I’ve just finished reading Moscow, December 25th 1991 by Conor O’Cleary. Twenty years on from the fall of the Soviet Union the book covers Gorbachev’s last day as President of a union of communist states, which in every practical way had already ceased to exist.
It is a great reminder that history is written by the victors, it’s just that on this occasion two parties were able to claim a ‘win’. Russia saw Boris Yeltsin as it’s victor in bringing the Soviet Union down and making way for a capitalist society. The West, particularly America, considered Gorbachev to be the hero in helping end the Cold War by bringing about free elections and freedom of speech.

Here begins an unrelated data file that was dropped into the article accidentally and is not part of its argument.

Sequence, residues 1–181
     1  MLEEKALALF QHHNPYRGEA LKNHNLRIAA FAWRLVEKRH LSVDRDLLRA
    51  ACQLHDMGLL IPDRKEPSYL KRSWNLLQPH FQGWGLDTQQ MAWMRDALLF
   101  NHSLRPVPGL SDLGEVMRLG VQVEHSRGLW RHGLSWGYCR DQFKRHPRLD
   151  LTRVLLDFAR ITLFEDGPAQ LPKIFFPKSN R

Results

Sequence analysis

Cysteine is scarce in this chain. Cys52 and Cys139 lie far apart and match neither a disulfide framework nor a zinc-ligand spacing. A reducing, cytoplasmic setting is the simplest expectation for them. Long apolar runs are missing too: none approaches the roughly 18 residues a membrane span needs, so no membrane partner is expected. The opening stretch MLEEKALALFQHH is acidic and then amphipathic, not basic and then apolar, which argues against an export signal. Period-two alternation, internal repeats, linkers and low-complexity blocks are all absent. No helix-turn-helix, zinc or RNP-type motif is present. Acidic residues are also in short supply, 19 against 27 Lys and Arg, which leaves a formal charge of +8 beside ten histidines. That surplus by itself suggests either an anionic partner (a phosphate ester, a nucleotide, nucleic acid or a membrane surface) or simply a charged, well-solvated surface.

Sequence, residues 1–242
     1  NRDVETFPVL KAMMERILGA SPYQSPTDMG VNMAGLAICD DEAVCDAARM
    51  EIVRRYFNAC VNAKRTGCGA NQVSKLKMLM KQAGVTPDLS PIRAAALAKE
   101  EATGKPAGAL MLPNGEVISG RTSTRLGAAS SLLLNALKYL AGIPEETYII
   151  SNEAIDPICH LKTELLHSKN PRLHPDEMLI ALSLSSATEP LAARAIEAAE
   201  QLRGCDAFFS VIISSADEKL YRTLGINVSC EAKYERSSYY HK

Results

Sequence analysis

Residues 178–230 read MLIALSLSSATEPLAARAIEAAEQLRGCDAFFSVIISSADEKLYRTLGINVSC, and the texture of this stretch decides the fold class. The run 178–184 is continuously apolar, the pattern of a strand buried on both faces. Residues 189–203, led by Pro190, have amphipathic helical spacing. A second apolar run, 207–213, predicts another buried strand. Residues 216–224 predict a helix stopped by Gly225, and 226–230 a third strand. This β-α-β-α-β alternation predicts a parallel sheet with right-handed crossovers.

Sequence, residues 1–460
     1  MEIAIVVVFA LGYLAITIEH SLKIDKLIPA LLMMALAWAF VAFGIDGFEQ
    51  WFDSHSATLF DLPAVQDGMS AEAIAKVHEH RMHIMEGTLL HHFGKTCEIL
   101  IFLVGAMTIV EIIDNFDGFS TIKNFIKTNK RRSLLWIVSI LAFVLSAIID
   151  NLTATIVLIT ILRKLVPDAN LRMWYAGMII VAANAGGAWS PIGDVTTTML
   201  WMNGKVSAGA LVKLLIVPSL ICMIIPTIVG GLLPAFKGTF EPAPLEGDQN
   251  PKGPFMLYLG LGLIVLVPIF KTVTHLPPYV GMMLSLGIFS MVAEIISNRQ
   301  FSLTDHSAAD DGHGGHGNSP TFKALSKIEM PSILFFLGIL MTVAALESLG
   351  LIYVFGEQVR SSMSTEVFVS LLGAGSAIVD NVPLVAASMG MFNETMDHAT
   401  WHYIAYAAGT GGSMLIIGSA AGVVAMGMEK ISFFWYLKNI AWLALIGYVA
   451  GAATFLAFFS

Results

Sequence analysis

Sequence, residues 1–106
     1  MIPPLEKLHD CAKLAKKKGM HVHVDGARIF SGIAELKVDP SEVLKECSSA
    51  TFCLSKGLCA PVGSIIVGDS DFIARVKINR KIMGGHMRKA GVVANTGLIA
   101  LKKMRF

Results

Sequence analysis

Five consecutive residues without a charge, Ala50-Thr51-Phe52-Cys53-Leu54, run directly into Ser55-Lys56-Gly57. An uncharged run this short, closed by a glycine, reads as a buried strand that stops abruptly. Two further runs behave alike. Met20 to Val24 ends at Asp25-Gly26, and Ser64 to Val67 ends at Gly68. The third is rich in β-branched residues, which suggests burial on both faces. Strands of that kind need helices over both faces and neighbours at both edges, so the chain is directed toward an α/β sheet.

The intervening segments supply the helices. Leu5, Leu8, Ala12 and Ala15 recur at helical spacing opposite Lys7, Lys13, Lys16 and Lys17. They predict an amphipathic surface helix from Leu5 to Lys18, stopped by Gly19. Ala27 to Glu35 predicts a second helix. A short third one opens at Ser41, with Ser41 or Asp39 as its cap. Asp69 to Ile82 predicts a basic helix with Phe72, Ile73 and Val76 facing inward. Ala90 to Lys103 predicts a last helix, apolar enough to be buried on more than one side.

This perception seem to have lasted: Gorbachev is held in high regard outside Russia, but you won’t find many people to sing his praises in the ‘Motherland’.
It’s a fascinating period of history and it’s plain to see that all the main protagonists had big egos: so much so that it left me feeling sorry for others who were involved, such as Eduard Shevardnadze who never really got the credit he deserved for Glasnost and Perestroika. It also left me wondering who the true brains of the reforms were given that Shevardnadze went on to become president of an independent Georgia, but Gorbachev was never really able to play an active role in politics again.
All that being said, we have to remember Gorbachev was the most liberal of communists: he gave people the rights and freedoms that had been denied to them for decades; he respected civil liberties and never resorted to using violence to control the people – which his predecessors had done in abundance.
This book is a great read and I would fully recommend anyone with an interest in communist history to buy it.